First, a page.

Karzai comments expose tensions over US Afghan strategy
How hard is it for US-led forces to wage war in Afghanistan if the Afghan commander-in-chief does not like their strategy?
That question has been forced onto the agenda after President Hamid Karzai went public with concerns he has long voiced in private.
At the Nato summit in Lisbon last week, the Afghan leader told a news conference there were Afghan "differences and concerns." President Obama admitted there were "blunt" conversations.
Afghan and Western officials say President Karzai is not opposed to the current presence of 140,000 foreign troops on Afghan soil. But if he had his way, foreign soldiers would not be conducting night raids and living among Afghan villagers trying to win "hearts and minds." It is an issue of sovereignty.
"He wants us to fight a war without fighting," complained one Nato official who insisted the strategy was now producing results in "regaining the momentum" against the Taliban.
On a recent visit to Kabul, President Karzai told me about his growing "mistrust" over not just the military strategy but the wider international engagement, which is now in its 10th year.
"If am raising questions, what about other Afghans?" he asked. He described himself as having long been among the most pro-Western of Afghans.
His recent decision to go public with his objections in a Washington Post interview has put his views squarely at the centre of discussions with his allies - most of all the United States, whose commander, General David Petraeus, is driving the new approaches.
The timing of his remarks - just before last week's crucial Nato summit - revived concern about a president often described as erratic. His comments are said to have "unsettled" US General David Petraeus.
But a European foreign minister who has been involved in Afghanistan for many years asked: "How else do you make the US sit up and listen?"
One Western diplomat cautioned that Mr Karzai had been proven right before. "For years the president expressed concern about Taliban sanctuaries in Pakistan, but we are only addressing this issue now."
During talks in Lisbon between the two presidents and their teams, the Afghan leader pointed out he had been saying for at least five years that too many innocent civilians were being killed in night raids.
Sources at the meeting say he even called for a distinction to be drawn between "terrorists" and Taliban - a remark which underlines the president's own ambivalence about whom he considers to be the enemy.
But, perhaps mindful of the consequences, he held back at that meeting from taking issue with the overall strategy known as counterinsurgency, or COIN. It emphasises foreign troops moving into villages to "protect the population" and engaging "hearts and minds".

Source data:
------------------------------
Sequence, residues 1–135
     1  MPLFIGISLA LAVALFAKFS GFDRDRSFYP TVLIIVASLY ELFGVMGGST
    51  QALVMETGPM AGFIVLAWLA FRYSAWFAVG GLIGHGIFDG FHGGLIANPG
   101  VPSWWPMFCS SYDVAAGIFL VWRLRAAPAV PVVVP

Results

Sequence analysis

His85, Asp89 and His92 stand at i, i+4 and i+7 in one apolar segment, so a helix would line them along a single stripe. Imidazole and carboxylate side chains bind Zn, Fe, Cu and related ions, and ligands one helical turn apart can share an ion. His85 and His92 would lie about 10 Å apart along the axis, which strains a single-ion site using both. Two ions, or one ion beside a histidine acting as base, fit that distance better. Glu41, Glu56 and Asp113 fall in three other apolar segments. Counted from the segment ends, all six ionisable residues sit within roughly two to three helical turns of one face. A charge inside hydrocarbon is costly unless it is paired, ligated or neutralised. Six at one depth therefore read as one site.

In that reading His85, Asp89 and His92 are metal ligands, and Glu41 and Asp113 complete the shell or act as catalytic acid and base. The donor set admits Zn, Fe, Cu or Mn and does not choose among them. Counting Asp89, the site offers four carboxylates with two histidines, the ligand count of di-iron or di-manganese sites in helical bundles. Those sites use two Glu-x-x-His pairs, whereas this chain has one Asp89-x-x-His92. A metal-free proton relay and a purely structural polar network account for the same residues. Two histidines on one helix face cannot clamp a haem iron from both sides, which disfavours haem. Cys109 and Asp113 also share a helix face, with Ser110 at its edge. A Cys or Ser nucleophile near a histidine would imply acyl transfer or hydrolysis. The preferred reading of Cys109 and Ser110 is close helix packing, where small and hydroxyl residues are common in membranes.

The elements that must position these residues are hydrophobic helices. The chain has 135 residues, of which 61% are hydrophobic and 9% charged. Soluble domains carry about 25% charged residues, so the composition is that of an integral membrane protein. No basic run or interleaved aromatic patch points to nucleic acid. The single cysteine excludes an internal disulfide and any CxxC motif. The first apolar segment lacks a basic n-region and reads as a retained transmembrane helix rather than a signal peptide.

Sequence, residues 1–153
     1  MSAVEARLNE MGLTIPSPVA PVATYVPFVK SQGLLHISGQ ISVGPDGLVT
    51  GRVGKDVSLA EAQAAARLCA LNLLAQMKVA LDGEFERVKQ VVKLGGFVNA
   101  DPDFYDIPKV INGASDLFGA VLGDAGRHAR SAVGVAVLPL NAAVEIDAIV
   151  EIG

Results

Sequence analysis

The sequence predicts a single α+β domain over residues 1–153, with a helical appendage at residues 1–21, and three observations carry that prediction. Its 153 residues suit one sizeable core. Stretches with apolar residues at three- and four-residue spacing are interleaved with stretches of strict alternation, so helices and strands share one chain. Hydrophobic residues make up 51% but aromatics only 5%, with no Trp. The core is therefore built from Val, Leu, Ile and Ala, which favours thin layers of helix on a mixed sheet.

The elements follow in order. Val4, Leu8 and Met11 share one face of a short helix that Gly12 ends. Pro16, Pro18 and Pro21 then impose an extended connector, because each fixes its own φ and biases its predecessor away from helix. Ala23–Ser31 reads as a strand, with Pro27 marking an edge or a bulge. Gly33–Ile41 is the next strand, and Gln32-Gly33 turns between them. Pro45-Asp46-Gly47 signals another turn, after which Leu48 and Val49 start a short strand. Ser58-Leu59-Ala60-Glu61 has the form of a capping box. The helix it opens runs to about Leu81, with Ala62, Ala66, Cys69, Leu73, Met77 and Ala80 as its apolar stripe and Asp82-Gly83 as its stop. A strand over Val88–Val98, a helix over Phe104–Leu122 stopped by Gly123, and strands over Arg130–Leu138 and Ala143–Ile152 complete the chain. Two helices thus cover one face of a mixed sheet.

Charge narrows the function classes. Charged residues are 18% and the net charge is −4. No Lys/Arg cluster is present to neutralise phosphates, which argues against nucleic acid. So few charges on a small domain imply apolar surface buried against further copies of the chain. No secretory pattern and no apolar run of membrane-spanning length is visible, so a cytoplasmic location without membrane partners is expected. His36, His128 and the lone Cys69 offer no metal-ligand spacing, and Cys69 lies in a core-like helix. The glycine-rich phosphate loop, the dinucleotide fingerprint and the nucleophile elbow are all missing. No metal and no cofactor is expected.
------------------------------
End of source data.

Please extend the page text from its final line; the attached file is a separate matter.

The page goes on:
"He blinked," was the way one official at the meeting put it. "He knows that if he moves against the strategy rather than some tactics, he takes on the man who defined it - General Petraeus. "
The British Foreign Secretary William Hague made light of the differences.
"It's not a fundamental problem on the ground. Where the actual fighting is going on, there is very good cooperation between our forces and the Afghan army," Mr Hague said in an interview in Lisbon.
Is Nato winning?
Some senior members of President Karzai's team say they agree with General Petraeus's assessment that significant progress is being made in killing or capturing hundreds of mid-level Taliban commanders, largely through greater reliance on night raids and special forces.
"A possibility for real change has been opened up. We must all make sure this momentum is not reversed," says former Finance Minister Ashraf Ghani, now playing a lead role on the President's "transition" team.
But one European military expert involved in the Nato mission was more cautious, saying: "There are signs of progress, but we are still not sure if there are signs of sustainability."
Most observers say it will not be clear until the spring, when fighting traditionally picks up, if a real blow has been dealt to the insurgency.
"If lots of young newly-trained fighters emerge to replace mid-level commanders, then we have a real problem," admitted one Western military advisor.
'Shopkeeper from Quetta'
Afghan and Western sources also say there has been little real progress in talks with the Taliban and other armed groups, despite some contacts and conversations.
Afghan and Western officials speak with exasperation about "a shopkeeper from Quetta" who recently came to Kabul, with assistance from Nato forces, posing as a senior Taliban commander known as Mullah Mansour. This revelation has now dealt a serious blow to the credibility of the process.
For now, President Karzai is trying to reassure his allies he believes in their "comprehensive strategy" - and they are trying to tell him they are listening.
His own team is divided between those who play on his fears of Western conspiracies and those who warn him not to jeopardise his relationship with his key US ally.
But after nine difficult years in power, the leader long described as "a reluctant commander-in-chief" is now speaking his own mind, whatever the consequences.